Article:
If the state of the world these last few years has left you feeling that the apocalypse looms, you might not be alone.
The U.S. Sun reported that Japanese developers N-Ark have plans for a giant floating city that could house 40,000 people during a catastrophic global event.
Judging by the name they have adopted, these aspirational developers have found incentive in the Old Testament story of the Great Flood (Genesis 6:9-8:19). One wonders, however, whether perhaps they should be looking to the New Testament, in particular to the Tribulation detailed in the Book of Revelation.
— designboom (@designboom) June 9, 2023
Those who anticipate Jesus Christ’s second coming are not alone. Belief in Christ’s inevitable return has deep roots in Christian history.
Perhaps the most famous (or infamous) example happened in the United States in the middle of the nineteenth century, when Baptist minister William Miller attracted thousands of followers by predicting that Christ would return sometime within the period between March 21, 1843, and March 21, 1844.
In his essay, “The World’s Last Night,” C.S. Lewis described the scene as only he could: “Thousands waited for the Lord at midnight on March 21st, and went home to a late breakfast on the 22nd followed by the jeers of a drunkard.”
There is no reason to suspect that the Japanese developers are a bunch of modern-day William Millers.
On the other hand, we may yet have cause to laugh at them, albeit for reasons unlike those of the playful drunkard.
According to the Sun report, the new floating city “would be resilient to an apocalypse.”
Furthermore, it would feature a “range of buildings, including a sports stadium,” along with “an undersea data [center] and medical research facilities.” In the new city, named “Dogen City,” everything would float. Buildings could be relocated easily by sailing them from one area to another.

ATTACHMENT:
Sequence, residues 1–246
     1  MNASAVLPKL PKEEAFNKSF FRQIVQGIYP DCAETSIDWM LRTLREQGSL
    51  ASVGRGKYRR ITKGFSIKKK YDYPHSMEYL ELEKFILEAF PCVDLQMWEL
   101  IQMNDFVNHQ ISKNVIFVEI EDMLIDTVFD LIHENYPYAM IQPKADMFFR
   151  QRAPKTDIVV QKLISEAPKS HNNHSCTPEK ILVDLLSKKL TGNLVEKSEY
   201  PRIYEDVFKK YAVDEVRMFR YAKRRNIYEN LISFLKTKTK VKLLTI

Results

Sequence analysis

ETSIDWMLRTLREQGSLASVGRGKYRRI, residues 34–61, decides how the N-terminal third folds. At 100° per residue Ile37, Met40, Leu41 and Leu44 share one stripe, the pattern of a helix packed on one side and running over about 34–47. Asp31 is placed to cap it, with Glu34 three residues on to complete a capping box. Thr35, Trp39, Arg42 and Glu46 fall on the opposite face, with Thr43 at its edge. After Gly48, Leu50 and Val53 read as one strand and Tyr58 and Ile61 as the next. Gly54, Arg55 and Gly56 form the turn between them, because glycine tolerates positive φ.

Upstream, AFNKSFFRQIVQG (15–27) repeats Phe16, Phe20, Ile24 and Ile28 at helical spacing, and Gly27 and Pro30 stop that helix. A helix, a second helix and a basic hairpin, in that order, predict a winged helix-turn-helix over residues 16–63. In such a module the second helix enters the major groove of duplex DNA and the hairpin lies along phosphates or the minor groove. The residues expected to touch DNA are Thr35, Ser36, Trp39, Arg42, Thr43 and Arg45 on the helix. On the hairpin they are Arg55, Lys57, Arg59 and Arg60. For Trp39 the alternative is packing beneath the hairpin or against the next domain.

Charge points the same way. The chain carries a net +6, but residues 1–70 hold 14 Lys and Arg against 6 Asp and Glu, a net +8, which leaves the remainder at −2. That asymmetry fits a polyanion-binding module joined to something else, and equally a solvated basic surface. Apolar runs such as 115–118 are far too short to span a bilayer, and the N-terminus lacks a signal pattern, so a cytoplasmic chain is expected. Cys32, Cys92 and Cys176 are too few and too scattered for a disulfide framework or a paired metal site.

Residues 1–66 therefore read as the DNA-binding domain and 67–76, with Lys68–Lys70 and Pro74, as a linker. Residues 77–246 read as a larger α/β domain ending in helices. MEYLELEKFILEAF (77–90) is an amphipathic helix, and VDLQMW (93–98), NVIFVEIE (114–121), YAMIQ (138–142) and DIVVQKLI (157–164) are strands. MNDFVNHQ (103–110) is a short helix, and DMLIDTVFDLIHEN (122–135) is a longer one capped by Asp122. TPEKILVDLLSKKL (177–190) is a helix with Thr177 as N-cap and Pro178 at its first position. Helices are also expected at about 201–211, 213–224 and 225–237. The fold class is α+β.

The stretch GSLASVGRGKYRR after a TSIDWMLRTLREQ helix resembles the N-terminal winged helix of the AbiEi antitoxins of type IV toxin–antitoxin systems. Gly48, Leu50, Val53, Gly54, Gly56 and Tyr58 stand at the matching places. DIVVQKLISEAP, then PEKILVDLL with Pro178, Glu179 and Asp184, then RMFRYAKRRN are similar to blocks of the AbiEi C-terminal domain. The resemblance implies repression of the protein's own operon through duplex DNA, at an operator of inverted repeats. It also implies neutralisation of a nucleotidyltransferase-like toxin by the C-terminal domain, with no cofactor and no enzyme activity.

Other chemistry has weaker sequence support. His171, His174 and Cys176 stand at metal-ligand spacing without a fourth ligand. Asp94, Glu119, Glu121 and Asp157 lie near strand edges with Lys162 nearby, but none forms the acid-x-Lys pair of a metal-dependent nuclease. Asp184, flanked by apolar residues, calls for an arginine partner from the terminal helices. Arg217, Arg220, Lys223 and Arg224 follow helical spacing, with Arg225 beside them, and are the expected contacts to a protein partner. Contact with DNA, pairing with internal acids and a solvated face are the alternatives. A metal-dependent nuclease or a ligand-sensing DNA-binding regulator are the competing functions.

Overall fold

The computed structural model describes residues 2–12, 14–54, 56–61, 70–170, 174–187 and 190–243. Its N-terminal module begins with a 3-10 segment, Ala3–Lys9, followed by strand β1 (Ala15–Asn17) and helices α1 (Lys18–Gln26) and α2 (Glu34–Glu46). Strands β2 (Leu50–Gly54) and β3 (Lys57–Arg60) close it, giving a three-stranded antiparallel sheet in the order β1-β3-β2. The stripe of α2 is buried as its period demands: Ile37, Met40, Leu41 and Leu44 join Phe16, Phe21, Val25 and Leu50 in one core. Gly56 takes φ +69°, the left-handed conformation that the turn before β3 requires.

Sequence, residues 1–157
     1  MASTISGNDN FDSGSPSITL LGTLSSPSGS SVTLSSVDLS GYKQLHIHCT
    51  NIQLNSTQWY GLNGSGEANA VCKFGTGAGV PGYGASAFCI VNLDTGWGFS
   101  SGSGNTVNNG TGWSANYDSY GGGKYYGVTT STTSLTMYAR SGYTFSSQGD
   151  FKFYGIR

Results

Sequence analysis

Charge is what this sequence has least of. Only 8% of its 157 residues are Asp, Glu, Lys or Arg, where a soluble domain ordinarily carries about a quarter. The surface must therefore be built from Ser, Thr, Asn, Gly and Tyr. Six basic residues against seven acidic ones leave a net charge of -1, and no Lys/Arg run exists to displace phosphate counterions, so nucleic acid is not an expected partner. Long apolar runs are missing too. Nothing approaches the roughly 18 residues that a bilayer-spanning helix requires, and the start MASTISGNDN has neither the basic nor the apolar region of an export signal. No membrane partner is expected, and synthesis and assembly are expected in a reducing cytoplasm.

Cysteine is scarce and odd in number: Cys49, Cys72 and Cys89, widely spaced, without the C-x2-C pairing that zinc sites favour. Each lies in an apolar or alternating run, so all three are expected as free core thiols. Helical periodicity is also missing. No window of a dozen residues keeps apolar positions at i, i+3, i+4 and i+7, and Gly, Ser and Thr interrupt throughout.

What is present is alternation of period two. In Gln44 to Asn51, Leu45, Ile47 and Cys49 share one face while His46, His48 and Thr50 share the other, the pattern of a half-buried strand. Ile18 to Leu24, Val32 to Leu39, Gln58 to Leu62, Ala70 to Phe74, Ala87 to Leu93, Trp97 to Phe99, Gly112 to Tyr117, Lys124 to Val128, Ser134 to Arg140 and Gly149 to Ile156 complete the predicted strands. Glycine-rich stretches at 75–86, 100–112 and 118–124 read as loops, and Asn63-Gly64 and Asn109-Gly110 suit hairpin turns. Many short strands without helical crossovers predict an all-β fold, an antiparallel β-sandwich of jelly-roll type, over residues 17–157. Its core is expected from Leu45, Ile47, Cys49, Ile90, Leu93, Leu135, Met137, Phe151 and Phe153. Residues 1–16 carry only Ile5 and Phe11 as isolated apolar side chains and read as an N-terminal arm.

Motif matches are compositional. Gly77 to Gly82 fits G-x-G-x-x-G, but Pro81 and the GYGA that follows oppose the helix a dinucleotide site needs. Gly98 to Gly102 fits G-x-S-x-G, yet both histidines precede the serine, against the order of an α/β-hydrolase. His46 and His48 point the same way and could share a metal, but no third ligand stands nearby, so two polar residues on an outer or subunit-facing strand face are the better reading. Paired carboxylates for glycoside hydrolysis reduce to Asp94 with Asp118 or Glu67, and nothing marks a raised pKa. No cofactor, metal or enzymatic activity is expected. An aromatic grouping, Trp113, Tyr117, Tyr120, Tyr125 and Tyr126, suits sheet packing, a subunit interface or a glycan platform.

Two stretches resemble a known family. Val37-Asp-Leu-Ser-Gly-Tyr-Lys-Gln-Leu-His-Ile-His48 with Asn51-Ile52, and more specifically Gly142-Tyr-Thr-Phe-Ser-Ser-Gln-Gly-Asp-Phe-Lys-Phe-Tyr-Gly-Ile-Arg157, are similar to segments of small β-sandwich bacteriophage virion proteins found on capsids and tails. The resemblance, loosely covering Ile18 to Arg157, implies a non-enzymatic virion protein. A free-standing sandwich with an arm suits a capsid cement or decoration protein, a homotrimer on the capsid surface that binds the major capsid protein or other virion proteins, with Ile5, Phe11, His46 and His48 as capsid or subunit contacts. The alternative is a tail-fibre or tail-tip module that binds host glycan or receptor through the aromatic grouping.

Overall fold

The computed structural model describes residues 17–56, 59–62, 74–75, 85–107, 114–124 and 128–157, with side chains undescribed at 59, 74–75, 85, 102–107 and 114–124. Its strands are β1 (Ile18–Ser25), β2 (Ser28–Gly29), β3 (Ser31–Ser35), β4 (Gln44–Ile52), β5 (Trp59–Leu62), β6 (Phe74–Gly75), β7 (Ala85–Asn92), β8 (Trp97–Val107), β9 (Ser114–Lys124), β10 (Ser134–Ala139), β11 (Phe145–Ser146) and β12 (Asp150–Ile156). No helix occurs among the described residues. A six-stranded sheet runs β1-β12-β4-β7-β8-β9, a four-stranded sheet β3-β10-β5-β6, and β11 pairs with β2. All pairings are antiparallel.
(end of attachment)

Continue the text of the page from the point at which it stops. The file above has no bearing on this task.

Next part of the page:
“N-Ark’s development roadmap currently earmarks the year 2030 for completion, and designers see the city as a sea-based version of Elon Musk’s SpaceX,” the Sun reported.
The developers’ breathtaking vision, awash in the human venture for innovation, deserves no pretense.
As for the apocalypse-defying claims, let the sneering start.
Readers might remember that in 2014 the European Space Agency landed a probe on a comet. To someone who fails half the times he tries throwing shriveled up papers into a waste basket, a successful rendezvous with a heavenly object moving at a high rate of speed seemed an particularly impressive accomplishment.
I remember thinking that way at the time. Alas, I do not remember thinking much about the comet.
It is one thing to marvel at human accomplishments. It is another thing to take excessive pride in them when we know — or we ought to know — that the comet, like the human race, is God’s creation. A single flick of the divine hand could send a thousand such comets hurtling toward Earth.
This thought should give pause to those who believe their creations will be “resilient to an apocalypse.”
On the subject of the End Times, as on most related subjects, it might be best to give C.S. Lewis the final word.
“The doctrine of the Second Coming teaches us that we do not and cannot know when the world drama will end. The curtain may be rung down at any moment: say, before you have finished reading this paragraph,” Lewis wrote.
The Japanese startup "N-ARK" came up with a concept called "Dogen City", which is a self-sustaining city floating in the ocean, which offers a unique solution to the challenges of overpopulated cities and climate change. pic.twitter.com/mYV6450SiG
— Sprinter (@Sprinter99880) June 14, 2023
— Joseph Mallozzi 🏴☠️ (@BaronDestructo) June 16, 2023
Dogen City is planned to be built by 2030, but you don't have to wait that long – build your floating settlement today in Havendock 🌊 #Havendock #DogenCity #indiegames #cozygame #colonysim https://t.co/E7z5EM926K pic.twitter.com/aYaIRclhjH
— Havendock 🏝️ (@HavendockYYZ) June 13, 2023